Palette vs. Pallet vs. Palate
Palette, pallet, and palate are three similar words sharing (in most senses) a common etymology that can trip writers up. Here’s a guide to the distinctions in meaning, plus a look at other distantly related words:
If you were to describe a traditional image of the artist at work, you and I would likely note the same tropes: the beret, the smock, the painter squinting one eye as he looks down his outstretched arm at his model or subject next to his upraised thumb or paint brush (a strategy that helps him determine proportions).
And in his other hand would be a flat, oval board, held with a handy thumb hole, with small, variously colored glops of paint — a palette. The name of this handy paint-mixing surface comes from French (certainement!) — the original meaning was “blade” or “small shovel” — and ultimately derives from the Latin term pala, meaning “shoulder blade” or “spade.” Palette, by association, later came to refer to the range of colors employed in a work of art or, later, available in analog and then digital graphic design. Several other, more obscure senses exist.
A pallet, meanwhile, is a flat structure made of wooden slats (or, increasingly, other materials), used to support heavy items in storage and when hauling freight, or a wooden tool used in pottery or a flat component in an analog clock that sets it in motion. In heraldry, pallet denotes a vertical band of color. These meanings derive from the “blade” sense of palette. The same word used to refer to a crude bed or mattress, the latter generally stuffed with straw, is unrelated.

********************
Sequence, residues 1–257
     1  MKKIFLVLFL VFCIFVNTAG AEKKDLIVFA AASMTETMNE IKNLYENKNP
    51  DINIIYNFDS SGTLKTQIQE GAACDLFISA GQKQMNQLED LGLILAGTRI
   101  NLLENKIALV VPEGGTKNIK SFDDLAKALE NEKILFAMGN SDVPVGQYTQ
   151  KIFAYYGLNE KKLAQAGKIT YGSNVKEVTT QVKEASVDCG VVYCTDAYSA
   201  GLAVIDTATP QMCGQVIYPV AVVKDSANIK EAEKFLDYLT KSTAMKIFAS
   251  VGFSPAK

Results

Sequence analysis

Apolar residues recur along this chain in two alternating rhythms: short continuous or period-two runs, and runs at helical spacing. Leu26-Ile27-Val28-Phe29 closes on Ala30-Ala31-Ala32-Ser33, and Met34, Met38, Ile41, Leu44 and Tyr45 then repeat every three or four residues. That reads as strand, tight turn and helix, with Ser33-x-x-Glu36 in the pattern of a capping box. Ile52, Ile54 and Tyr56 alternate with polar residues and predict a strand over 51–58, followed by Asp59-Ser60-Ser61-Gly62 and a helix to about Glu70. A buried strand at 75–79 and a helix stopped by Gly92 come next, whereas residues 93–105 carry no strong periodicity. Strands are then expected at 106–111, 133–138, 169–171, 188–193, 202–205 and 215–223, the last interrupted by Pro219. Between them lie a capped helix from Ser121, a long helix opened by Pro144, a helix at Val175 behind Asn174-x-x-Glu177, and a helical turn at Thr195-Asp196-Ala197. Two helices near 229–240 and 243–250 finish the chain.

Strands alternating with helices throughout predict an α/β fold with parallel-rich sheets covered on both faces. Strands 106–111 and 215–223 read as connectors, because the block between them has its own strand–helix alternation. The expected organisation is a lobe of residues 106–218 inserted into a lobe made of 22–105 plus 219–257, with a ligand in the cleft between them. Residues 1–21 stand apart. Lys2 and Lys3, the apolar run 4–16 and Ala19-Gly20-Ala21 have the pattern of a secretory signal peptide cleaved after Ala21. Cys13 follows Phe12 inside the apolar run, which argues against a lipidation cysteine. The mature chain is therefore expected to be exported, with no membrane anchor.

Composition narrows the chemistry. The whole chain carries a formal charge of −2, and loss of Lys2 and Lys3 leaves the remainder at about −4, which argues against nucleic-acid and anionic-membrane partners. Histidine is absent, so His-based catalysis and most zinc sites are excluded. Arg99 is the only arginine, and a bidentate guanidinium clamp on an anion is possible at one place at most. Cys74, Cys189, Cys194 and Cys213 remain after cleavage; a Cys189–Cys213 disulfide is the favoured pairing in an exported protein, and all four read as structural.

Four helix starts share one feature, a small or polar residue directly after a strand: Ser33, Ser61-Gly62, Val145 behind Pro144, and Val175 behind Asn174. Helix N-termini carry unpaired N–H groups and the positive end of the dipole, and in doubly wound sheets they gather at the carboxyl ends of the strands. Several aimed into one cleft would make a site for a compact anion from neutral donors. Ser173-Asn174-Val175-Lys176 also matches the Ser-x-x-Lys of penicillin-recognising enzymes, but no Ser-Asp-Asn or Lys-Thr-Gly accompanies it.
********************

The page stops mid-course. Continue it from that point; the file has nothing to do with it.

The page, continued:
The palate, the name of the roof of the mouth, is also of Latin origin: Palatum means just that. (Oddly, the palate, rather than the tongue, was long considered the medium by which taste is experienced, hence the use of the word to mean “sense of taste.”) The adjective palatable means “tasty.” Another adjective, palatine, used in anatomy to identify, for example, the palatine bone, is unrelated to the identical-looking word derived from palace.
Plate and its many forms are only tangentially related to this trio. Taken as is from French, it originally meant “a flat piece of metal,” ultimately from the Greek word platys, meaning “flat,” which was borrowed by Latin as plattus. The sense of a shallow dish is from the fact that such utensils were originally made of precious metals; one meaning of plate, singular in construction but plural in meaning, to refer to valuable dishes retains this sense.
Words with the same origin as plate include plateau, platelet (literally, “little plate”), platen, platform, platinum, platitude, platter, and platypus (literally, flat foot”).
Recommended For You
Subscribe to Receive our Articles and Exercises via Email
- You will improve your English in only 5 minutes per day, guaranteed!
- Subscribers get access to our exercise archives, writing courses, writing jobs and much more!
- You'll also get three bonus ebooks completely free!
3 Responses to “Palette vs. Pallet vs. Palate”
Greek ‘platys’ also means ‘broad’ and is at the root of the name of the Australian monotreme, the platypus (= ‘broadfoot’). Its feminine form, ‘plateia,’ was borrowed into Latin and eventually gave us ‘plaza’ (through Spanish) and ‘piazza’ (from Italian). The latter form was borrowed back into Modern Greek – ‘piatsa,’ means ‘market-place.’
Good words today. I always enjoy the history.
Though not shown in MWC dictionary, pallet is also used with pallet knife (also called palette knife) – a round-ended spatula with a thin flexible blade used by artists for mixing, applying, and scraping off paint.
Confusing, but I believe both spellings are accepted.